Finding the Peaks in a Level Market
Nancy Davis spared little expense when she remodeled her kitchen last year.
The Indiana homeowner treated herself to euro-style laminate/almond cabinets with oak trim, a work station with an oak back and teal countertops.
Davis is like many consumers, according to Gerald Johnson, president of the National Kitchen and Bath Association (NKBA), Hackettstown, N.J.
“When they replace cabinets and vanities, they want better-quality, high-end products,” he says.
The 1991 Trends Survey, just released by the NKBA, reveals that between one-fourth and one-half of money spend on kitchen and bath projects is spent on cabinets. The trend toward luxury kitchens and baths has made a big impact on retailers’ margins in cabinets and vanities.
Dave Fultz, buyer for Ace Hardware Corp., Oak Brook, Ill., says Ace dealers are selling opening price point vanities. “We’re selling more combo vanities with tops,” he says. But Fultz cautions that marketing upscale cabinets and vanities isn’t for everyone. “We are seeing a move toward upscale, but it has yet to really hit middle America.”
He suggests retailers take a close look at their market before investing in high-end lines. “While whitewash look and champagne finish look good in the showroom, these products don’t always move well.”
“Don’t get into that niche unless you plan to display a lot of products. You can’t just display two SKUs and sell a lot. It takes time to cultivate that market.”
NKBA’s Johnson, also a certified kitchen and bath designer, echoes Fultz. “We sell what we show,” says Johnson. “Of course, it is much better to display the products that you think will sell.” Retailers and buyers report that a full investment in merchandising and a close eye on what customers want is needed to establish a strong stance in selling cabinets and vanities.
Merritt’s Hardware in La Puente, Calif., makes that investment. The store displays vanities of all different styles, colors and price points, and makes a 25-percent average margin on the products.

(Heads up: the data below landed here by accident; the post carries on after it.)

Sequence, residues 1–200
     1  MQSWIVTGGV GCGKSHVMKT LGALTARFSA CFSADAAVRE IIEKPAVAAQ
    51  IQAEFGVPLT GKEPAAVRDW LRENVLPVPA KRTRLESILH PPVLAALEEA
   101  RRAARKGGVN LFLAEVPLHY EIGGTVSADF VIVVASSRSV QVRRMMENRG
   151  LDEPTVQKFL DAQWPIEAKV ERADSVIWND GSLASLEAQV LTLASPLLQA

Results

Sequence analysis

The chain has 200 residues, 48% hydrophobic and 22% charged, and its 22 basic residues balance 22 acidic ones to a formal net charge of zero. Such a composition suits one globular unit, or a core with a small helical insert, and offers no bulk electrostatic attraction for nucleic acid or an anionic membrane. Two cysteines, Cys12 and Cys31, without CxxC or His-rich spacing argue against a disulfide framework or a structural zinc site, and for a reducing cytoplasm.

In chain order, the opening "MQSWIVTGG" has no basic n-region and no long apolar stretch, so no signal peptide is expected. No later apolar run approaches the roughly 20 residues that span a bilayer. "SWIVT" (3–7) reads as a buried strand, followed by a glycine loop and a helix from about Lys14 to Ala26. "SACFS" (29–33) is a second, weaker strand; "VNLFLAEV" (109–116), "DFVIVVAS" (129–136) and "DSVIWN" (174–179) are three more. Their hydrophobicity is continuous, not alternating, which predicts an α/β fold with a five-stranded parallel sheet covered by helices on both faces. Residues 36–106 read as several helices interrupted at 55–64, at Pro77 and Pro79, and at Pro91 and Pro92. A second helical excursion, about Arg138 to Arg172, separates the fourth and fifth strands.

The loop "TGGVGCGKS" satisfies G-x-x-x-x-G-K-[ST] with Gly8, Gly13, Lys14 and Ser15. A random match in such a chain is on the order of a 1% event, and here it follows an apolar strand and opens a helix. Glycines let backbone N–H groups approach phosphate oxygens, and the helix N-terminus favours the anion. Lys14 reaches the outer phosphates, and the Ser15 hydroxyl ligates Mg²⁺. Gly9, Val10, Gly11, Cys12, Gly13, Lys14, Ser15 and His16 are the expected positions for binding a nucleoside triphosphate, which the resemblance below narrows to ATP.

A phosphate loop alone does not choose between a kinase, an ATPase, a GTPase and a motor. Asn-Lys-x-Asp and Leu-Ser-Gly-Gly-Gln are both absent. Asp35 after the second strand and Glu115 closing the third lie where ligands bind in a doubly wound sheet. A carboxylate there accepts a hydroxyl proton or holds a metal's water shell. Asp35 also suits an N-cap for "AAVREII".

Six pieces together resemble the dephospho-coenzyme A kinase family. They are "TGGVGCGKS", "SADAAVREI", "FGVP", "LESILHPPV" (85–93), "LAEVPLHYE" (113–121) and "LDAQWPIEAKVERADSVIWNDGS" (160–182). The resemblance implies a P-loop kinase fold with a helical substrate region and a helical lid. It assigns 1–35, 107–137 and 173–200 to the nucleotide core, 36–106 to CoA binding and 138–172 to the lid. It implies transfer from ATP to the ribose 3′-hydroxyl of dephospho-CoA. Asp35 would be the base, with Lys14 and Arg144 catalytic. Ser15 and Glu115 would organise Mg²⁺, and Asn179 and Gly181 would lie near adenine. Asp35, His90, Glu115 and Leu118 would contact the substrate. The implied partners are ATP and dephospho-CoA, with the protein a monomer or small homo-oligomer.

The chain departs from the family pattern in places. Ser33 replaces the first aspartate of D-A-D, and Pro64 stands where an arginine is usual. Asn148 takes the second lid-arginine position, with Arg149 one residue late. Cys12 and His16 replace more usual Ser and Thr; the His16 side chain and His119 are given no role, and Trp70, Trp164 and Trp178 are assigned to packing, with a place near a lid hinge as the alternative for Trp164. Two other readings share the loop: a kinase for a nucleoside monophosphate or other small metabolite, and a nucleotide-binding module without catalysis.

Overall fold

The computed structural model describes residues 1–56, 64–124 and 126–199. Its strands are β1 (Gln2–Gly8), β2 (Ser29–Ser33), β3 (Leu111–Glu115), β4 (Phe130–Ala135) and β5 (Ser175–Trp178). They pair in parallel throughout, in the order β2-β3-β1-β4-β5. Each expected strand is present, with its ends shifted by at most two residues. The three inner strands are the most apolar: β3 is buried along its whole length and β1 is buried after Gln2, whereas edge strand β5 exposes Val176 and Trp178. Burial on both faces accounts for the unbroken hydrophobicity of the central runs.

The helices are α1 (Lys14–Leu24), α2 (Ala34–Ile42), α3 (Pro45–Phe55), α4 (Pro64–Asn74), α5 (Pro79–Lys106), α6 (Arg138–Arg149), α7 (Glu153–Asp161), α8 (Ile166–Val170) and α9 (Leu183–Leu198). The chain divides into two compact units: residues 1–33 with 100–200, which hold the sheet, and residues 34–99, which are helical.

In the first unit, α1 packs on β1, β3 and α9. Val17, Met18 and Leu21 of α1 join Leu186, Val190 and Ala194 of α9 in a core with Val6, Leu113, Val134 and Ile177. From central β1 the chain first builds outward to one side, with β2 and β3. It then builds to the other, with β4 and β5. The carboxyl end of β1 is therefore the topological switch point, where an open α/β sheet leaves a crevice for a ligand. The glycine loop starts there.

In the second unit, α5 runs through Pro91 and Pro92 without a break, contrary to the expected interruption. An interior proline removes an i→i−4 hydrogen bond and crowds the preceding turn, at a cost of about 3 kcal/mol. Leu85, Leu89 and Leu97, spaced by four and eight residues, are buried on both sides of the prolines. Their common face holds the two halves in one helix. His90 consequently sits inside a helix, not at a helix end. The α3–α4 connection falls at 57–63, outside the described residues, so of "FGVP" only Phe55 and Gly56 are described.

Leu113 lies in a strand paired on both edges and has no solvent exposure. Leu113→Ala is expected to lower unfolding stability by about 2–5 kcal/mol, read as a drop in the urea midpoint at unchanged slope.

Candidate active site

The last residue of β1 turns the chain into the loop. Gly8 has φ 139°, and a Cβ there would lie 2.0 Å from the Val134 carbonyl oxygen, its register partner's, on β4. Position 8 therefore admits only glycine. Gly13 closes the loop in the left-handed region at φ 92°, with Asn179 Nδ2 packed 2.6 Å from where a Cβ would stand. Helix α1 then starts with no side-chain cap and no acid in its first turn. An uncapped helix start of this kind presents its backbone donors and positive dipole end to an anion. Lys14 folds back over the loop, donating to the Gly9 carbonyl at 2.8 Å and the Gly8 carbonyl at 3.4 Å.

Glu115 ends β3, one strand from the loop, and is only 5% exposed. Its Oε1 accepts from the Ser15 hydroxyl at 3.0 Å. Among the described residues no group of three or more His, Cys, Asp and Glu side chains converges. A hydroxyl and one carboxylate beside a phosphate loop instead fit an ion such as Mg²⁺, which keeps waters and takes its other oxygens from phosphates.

Roger Scott, manager of Delta Do-it center in Kingsford, Mich., displays 1,200 square feet of cabinets and vanities in six kitchens and 12 full accessorized bathrooms.
For Scott, oak is still the strongest seller, while some customers opt for hickory. He has seen some European influence and says more customers are asking for almond trimmed in oak.
In November, the Kitchen Cabinet Manufacturers Association, Falls Church, Va., projected a leveling off of cabinet demand for 1991, with a slight decrease in demand for new construction being offset by a modest increase in demand for cabinets used in repair and remodeling.
Aggressive marketing and merchandising is key to getting your share of the remodeling dollar. Johnson suggests that retailers do some sleuthing to determine what will sell in their market. “Go to your competitors’ stores and see what is selling. Look at the NKBA survey (see results in chart), ask builders remodelers and contractors what their customers are asking for.”
Johnson also suggests interviewing customers extensively about their needs.
“Ask them exactly what they plan to use the space for,” Johnson says. “If it is to be a storage and grooming area, you might want to design with a vanity with deep drawers for bottles to stand up in, as well as shallow drawers for cosmetics.” Some consumers want electrical outlets designed around cabinets for hair dryers.